Masters in Public Health
I graduated from the Masters in Public Health (MPH) programme in 2013. I chose this programme specifically because, as a medical graduate, I thought this programme would open up more opportunities for me, both to increase my knowledge in the field of research and to strengthen my skills in public health administration.
I decided to study at York because the University of York, even though not a very old university, has good reputation in terms of students’ satisfaction and ranking. York is also one of the oldest cities in UK, it is a traditional, beautiful and romantic city and is one of the best places in England.
I am now working as a clinical epidemiologist and work alongside physicians in various specialities to encourage them to create formal publications on their previous work experiences. I also work as a principal investigator for the Hospital Based Cancer Registry (HBCR). Alongside this, I work as a coordinator for a pilot project named STEMI, which is about providing a proper channel for developing countries to transport patients who have suffered a heart attack efficiently and within a short time span to centres with advanced facilities like percutaneous interventions (PCI-Stenting) and thrombolysis. This project relies on a public/private partnership to build a system.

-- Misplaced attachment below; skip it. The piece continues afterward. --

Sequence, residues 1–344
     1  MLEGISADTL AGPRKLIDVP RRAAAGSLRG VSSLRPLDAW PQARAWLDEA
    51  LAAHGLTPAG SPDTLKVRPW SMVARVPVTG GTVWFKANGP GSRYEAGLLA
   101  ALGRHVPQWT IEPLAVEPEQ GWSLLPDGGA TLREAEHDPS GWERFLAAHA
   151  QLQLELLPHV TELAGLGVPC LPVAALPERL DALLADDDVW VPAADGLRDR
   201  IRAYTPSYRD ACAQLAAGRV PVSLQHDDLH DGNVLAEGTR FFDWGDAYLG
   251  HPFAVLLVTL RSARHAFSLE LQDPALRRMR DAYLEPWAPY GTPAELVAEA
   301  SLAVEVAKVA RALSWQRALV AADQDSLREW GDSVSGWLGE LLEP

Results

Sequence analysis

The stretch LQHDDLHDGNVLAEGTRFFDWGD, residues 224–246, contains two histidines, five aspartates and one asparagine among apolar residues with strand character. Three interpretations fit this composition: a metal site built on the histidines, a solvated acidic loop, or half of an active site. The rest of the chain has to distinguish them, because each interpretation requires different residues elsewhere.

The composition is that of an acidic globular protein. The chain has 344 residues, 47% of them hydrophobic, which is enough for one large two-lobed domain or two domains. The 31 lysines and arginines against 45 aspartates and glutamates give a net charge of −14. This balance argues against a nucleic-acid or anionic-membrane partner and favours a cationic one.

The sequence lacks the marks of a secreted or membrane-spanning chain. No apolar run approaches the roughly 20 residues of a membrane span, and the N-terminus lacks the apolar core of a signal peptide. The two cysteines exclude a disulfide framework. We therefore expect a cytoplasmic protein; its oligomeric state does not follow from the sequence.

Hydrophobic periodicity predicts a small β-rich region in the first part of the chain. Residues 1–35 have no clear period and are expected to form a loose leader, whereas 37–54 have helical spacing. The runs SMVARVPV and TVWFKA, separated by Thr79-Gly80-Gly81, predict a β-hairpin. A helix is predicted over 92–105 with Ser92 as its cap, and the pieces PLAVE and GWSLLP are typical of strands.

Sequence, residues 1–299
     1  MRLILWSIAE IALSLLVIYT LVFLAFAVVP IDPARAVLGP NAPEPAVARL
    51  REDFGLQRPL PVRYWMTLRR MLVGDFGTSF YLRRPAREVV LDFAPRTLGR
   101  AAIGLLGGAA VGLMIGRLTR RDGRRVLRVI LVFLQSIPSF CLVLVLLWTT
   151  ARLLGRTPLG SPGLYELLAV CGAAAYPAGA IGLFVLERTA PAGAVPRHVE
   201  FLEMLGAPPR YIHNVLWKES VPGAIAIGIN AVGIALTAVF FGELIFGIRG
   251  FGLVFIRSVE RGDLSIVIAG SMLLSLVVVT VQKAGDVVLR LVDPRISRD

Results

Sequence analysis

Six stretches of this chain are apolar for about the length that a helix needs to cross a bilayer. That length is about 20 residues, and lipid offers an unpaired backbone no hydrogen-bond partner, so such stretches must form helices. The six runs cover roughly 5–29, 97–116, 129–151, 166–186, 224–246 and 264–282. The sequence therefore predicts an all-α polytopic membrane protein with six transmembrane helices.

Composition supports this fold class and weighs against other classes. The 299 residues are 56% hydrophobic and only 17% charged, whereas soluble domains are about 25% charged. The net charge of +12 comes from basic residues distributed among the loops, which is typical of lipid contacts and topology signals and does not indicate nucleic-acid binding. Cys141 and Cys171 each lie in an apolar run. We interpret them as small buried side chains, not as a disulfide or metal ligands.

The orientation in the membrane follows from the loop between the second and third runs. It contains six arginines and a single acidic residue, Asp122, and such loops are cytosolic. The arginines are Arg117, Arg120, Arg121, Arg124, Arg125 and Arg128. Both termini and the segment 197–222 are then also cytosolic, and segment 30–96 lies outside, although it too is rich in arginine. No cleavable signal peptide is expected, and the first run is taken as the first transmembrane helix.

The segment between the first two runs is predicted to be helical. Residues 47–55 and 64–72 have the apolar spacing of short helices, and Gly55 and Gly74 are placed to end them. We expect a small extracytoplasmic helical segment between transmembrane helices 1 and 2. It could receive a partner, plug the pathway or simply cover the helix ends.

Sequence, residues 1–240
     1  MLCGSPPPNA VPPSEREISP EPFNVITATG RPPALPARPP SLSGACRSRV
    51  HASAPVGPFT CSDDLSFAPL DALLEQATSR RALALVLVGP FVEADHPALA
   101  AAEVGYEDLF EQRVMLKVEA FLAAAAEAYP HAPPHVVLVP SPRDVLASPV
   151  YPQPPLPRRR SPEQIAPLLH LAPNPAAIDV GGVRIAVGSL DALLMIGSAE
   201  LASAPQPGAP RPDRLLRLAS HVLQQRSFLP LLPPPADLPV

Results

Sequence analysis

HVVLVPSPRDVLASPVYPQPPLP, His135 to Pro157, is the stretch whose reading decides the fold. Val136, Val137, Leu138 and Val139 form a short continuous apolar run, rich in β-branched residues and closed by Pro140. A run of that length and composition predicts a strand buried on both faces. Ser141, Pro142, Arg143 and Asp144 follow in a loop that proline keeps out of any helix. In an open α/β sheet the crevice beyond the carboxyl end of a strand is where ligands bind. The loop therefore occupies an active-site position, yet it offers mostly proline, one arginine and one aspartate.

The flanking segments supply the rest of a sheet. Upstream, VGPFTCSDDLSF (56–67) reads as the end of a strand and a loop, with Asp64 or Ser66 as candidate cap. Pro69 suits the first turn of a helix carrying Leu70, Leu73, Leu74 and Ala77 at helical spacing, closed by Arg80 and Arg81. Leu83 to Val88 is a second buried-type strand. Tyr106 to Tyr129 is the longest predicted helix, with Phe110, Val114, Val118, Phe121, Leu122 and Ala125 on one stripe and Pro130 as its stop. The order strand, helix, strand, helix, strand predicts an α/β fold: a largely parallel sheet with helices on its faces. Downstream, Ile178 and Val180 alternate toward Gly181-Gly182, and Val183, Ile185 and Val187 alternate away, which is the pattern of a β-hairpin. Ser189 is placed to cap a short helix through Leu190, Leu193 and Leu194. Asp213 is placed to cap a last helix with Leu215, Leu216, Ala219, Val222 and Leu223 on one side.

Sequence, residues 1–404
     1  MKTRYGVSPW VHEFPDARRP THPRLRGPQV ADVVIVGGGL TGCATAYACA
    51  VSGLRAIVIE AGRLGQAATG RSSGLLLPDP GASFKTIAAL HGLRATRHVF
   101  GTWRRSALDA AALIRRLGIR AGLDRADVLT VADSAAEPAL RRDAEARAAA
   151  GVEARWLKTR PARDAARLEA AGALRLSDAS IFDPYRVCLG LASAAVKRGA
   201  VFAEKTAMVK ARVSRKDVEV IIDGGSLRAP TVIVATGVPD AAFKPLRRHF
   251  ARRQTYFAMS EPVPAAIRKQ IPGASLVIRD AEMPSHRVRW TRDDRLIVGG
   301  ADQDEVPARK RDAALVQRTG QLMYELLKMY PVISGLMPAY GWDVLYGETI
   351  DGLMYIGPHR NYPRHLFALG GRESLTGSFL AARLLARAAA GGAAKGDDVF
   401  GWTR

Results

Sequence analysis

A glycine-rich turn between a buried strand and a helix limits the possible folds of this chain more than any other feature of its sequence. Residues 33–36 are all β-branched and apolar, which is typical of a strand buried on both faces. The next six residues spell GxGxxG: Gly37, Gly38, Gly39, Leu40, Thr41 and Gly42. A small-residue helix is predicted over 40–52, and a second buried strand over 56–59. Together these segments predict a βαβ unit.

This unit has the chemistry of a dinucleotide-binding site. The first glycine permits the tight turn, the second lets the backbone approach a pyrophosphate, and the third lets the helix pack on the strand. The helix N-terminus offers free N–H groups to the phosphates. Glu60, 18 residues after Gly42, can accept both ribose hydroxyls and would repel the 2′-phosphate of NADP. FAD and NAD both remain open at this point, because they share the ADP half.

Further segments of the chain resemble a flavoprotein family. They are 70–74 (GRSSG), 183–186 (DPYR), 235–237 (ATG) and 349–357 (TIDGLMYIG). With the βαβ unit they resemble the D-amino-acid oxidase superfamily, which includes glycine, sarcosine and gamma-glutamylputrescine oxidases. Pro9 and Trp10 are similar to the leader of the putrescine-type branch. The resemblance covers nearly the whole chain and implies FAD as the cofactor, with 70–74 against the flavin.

The knowledge of epidemiology, research methodology and biostatistics I learned on my programme has helped me in my work. The knowledge I gained on international health policy is very helpful in setting up developmental programmes in India.
I benefited a lot from this programme. The course is short, very straightforward and catered to everyone on the course. I gained knowledge in a systematic way, and I have gained enough insight into what I really need to know.
The academic team teaching my programme are all well qualified. They were very friendly and easily approachable, even the senior people are always ready to share their ideas and views. The support I received from my dissertation supervisor was really wonderful as well.
My career aspirations include a desire to establish a cancer research team in my current employment as well as be a co-head for the STEMI project. I would also like to become a member of WHO and make a big contribution to improving the health of patients on a wide scale.
I hope to work with Dr Amanda Mason-Jones from the Health Sciences department at the University of York to set up a project in India, although this is only in the discussion stage. In this project we are looking forward to improving the quality of care given to children to improve their physical parameters. As a beginning to this we are going to look at the burden of anaemia in school age children.